While The White House crows of the falling unemployment rate (which everyone now knows is entirely useless as an indicator of anything), the rapid-drop in this indicator is a major headache for the Fed. While forward-guidance is crucial in replacing the “common knowledge” that the Fed remains easier-for-longer as bond-buying is tapered, despite it’s dismissal by vice-chair Stan Fischer and BoE’s Carney (and even an almost admission of its weakness by Bernanke), Yellen faces a market that is betting massively (actually in record size) that short-term rates will rise and Fed heads like Lacker shift to “more qualitative ways” of maintaining the punchbowl.
The unemployment rate is meaningless (as we have shown numerous times but most recently here)…
So what happens when one renormalizes the unemployment rate calculation and uses a 30 year average labor force participation rate as a constant instead of a variable to be plugged by the BLS to goalseek a desired result? This happens:
What the chart above shows is that the “real” unemployment rate in October 2009 was 11.2%. Where is it now? 11.1%.
And there is your “Obama Recovery”, when stripped of all the fancy veneer and TOTUSed propaganda, right there.
In contrast to his statements on QE, he has recently expressed a more skeptical view of forward guidance. Specifically, he noted in September that “if you give too much forward guidance you do take away flexibility,” that “we don’t know what we’ll be doing a year from now. It’s a mistake to try and get too precise,” and that “you can’t expect the Fed to spell out what it’s going to do…because it doesn’t know.” These statements contrast with Yellen’s strong endorsement of forward guidance. In that sense, Fischer’s statements do pose at least some risk to our expectation that the FOMC will ultimately enhance its forward guidance by reducing the unemployment threshold to 6.0%.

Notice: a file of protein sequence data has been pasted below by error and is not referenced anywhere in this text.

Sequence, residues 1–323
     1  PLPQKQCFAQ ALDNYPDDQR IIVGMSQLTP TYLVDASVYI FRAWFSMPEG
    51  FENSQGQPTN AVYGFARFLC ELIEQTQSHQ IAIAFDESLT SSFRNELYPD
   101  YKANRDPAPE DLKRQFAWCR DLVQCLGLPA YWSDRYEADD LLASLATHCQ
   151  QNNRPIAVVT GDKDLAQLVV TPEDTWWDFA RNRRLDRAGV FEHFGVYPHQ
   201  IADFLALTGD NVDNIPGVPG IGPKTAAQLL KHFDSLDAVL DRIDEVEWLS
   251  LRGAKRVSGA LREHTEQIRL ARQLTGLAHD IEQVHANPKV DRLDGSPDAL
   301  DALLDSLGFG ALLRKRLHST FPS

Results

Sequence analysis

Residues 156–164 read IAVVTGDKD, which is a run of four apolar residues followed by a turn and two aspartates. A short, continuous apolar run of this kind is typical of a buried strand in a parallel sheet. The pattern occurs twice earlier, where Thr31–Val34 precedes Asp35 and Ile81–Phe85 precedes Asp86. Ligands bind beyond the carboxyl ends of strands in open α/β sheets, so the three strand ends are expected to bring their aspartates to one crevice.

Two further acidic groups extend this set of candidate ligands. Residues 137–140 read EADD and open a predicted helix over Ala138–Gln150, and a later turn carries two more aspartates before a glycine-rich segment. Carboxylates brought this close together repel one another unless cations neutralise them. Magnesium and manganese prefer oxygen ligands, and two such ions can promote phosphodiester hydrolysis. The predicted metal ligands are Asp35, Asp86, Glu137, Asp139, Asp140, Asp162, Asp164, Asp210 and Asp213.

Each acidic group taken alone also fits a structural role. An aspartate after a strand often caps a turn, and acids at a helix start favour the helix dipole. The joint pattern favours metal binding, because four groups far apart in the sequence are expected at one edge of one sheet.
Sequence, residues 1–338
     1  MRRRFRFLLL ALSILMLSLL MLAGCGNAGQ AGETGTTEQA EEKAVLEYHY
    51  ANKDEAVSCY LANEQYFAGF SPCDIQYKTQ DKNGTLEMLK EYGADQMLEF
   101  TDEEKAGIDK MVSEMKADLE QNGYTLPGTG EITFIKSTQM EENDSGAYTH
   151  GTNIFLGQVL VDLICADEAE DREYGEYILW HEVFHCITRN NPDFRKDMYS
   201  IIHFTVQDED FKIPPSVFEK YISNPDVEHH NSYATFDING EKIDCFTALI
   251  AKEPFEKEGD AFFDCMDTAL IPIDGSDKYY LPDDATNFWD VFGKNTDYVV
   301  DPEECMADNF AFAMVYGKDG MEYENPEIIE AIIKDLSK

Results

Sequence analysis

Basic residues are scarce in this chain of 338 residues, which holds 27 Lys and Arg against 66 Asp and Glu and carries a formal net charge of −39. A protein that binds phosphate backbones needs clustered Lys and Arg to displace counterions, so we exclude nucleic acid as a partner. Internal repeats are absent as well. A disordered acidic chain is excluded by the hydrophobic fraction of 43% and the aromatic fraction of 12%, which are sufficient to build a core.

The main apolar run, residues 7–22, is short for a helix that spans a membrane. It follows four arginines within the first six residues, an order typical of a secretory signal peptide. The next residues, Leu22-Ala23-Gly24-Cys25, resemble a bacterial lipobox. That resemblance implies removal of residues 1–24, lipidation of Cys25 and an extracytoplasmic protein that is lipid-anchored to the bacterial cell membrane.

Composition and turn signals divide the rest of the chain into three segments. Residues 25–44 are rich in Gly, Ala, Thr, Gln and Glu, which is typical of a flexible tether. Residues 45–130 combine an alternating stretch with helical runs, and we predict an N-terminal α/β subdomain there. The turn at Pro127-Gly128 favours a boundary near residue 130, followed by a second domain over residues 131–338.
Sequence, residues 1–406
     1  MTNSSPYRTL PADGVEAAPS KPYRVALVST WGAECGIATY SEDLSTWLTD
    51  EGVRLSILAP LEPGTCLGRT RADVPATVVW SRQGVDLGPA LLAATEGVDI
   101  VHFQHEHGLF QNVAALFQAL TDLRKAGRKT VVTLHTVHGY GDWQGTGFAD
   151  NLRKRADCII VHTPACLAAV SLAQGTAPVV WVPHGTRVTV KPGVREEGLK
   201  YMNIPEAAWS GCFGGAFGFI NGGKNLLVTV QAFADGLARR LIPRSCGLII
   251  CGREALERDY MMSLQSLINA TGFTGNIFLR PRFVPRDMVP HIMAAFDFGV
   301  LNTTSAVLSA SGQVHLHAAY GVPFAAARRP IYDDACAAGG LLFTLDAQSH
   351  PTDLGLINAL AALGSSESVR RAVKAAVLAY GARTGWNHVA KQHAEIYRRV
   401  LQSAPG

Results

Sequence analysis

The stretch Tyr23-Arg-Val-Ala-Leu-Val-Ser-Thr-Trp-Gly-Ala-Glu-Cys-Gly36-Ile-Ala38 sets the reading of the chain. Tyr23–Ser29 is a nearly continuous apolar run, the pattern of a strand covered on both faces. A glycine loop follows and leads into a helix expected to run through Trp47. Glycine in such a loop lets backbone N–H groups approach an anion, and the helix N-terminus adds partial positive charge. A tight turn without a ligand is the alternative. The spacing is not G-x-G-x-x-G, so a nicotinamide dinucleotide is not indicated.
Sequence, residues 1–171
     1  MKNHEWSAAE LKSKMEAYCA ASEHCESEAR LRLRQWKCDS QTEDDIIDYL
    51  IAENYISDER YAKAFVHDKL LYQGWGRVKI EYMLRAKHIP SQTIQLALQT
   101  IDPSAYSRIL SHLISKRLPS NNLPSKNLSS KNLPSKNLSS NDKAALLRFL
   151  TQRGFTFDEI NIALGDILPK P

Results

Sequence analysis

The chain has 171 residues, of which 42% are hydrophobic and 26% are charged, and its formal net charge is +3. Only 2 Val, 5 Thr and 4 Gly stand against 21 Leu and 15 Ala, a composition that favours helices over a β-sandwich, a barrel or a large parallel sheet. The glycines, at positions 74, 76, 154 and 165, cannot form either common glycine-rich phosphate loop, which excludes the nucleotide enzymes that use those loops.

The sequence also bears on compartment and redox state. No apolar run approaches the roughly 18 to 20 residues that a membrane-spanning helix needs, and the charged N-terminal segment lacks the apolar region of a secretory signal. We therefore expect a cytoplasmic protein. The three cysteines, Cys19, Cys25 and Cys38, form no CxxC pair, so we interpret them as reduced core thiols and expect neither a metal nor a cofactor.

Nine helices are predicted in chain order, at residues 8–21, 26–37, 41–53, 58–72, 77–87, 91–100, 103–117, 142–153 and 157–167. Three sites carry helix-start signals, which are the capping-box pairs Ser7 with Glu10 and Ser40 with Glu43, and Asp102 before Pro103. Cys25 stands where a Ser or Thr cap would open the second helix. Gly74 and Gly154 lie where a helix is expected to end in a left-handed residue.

Carney has hinted he favors spreading guidance over a broader range of indicators of slack in the labor market, focusing on the number of part-timers seeking fulltime work, hours worked and pay.
That may lead to a looser guidance framework that gives Monetary Policy Committee members more freedom than a policy based on thresholds. Forward guidance was introduced to provide clarity and contain investors’ rate expectations.
Six months after its introduction, it may have done the opposite.
Bernanke admits they were winging it and almost admits that forward guidance is just as unproven:
AHAMED: So, in devising QE and all these other unconventional monetary policies, were you pretty confident that the theory would work or that whatever you — that — going into it?
BERNANKE: Well, the problem with QE is that it works in practice, but it doesn’t work in theory. That’s…
AHAMED: Yeah. Right. (LAUGHTER) And the other way about forward guidance, probably.
BERNANKE: Right — well, I — I’m — urrr
And now The Fed appears boxed into change… (and lose their own credibility)…
The rapid drop in U.S. unemployment will make re-crafting the Federal Reserve’s easy-money promise a top priority for new Chair Janet Yellen, who will probably avoid tying policy to specific targets in the labor market.
It was more than a year ago that the U.S. central bank first promised not to raise interest rates until joblessness fell to at least 6.5 percent, a pledge that policymakers thought would hold until at least mid-2015.
The Fed still wants to assure investors that rates will stay low for at least another year, but there is growing debate among policymakers over how to get this message across now that the jobless rate stands at 6.6 percent but the pace of job creation remains erratic at best.
Fed officials are likely to drop any reference to a specific rate of unemployment, according to several who have addressed the topic in recent days.